One simple trick. What if that’s all it took to make your next pitch or presentation more persuasive and compelling? What if this technique could help you convince your prospect that the change you’re proposing is better than what they’re doing today? And, what if you could get them to consider paying more for it?
That simple trick exists, according to new research done jointly by my company, Corporate Visions, and Dr. Zakary Tormala, a professor at the Stanford Graduate School of Business. And, if you take advantage of the messaging technique we put to the test in the following experiment, you stand to substantially improve your chances of getting prospects and customers to embrace the value of doing something different with you.
For this experiment, we specifically wanted to measure the persuasive impact of messaging, pitches or presentations that establish contrast—that is, contrast between a prospect’s current state and a proposed future state.
Would underscoring key differences between a desirable future state, such as product features and benefits, and a painful present state have a statistically significant impact on swaying buying decisions in your favor? Could the effect of contrast, as opposed to simply presenting future-state information by itself, actually reduce a prospect’s trepidation about doing something different? Could it even make your prospect consider paying more for it?
To reveal the answers to these questions, we set up the experiment as follows:
We told two groups of roughly 100 participants each to imagine they’d had their current smartphones for about a year and were reading information about a new phone option. Prior to viewing the information, participants were told they’d receive information about the new smartphone’s features and benefits, starting on the following page.
What they didn’t know is that, before the study began, they had been randomly assigned to two different presentation conditions. The presentation differed in two key aspects of how the information was presented: the presence of the information and the location.
The first group viewed a non-contrast condition, or the future benefits-only presentation. Participants were given no other information.
The second group, on the other hand, viewed a contrast condition in which the current issues were compared with the future benefits. These participants received the exact same features and benefits list for the new phone, but next to it they received a list of four issues or problems connected to their current devices. These issues correlated to each of the listed features and benefits.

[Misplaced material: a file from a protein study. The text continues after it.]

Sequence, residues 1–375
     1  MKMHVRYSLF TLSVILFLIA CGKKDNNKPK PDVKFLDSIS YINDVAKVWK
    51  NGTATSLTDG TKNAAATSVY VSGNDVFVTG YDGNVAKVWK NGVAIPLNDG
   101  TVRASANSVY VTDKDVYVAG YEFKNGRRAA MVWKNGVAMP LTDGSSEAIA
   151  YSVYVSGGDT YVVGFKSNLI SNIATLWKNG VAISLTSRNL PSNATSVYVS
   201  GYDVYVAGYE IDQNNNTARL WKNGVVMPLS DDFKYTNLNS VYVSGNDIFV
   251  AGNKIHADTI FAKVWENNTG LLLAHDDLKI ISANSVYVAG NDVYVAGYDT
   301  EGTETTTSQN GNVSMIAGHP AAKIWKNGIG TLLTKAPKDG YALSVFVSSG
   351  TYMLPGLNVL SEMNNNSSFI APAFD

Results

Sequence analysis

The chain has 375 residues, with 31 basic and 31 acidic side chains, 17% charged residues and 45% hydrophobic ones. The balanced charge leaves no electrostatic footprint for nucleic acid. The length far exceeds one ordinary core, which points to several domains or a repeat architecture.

So, was there a statistically significant difference between the two presentation conditions? And if so, which one came out on top?
The study revealed the contrast presentation outperformed the future benefits-only condition by a statistically significant margin across several areas. While all participants were given the same information about the new smartphone’s features, the study found that the prospect buying a new phone was more compelling when directly contrasted with the drawbacks of the current smartphones.
The contrast condition performed better across the following areas, all of them critical to influencing buying decisions:
- Purchase intent – Contrast condition participants reported more interest in and a higher likelihood of purchasing the new smartphone. On average, this condition creates more than a 14+ percent boost in purchase intent.
- Willingness to change – Contrast condition participants reported more favorable attitudes toward the new phone and a greater willingness to switch to it—and even pay more—by a margin of 14+ percent.
- Advocacy – Comparative condition participants were 12+ percent more likely than future state-only participants to share information about the new smartphone and recommend it to others.
- Perception of quality – Comparative condition participants believed the new smartphone to have higher quality, be more innovative and stand as a more marked improvement over their current phones. In these areas, the contrast conditions outperformed the future state-only scenario by a margin of 13+ percent.
In the study, which included more than 400 participants, another two groups viewed two additional contrast conditions (putting information on different screens or in various positions on the screen). In both cases, the comparative presentations outperformed the future state-only conditions by the same statistical difference across the areas mentioned above, further validating the power of including contrast in your message.
What does this study tell you? Mainly, that a message with contrast stands to make you more persuasive and the possibility of change more compelling. To get buyers to soften their resistance to doing something different, you need to draw sharp distinctions between the pain of their status quo and the value of where your solution could lead them.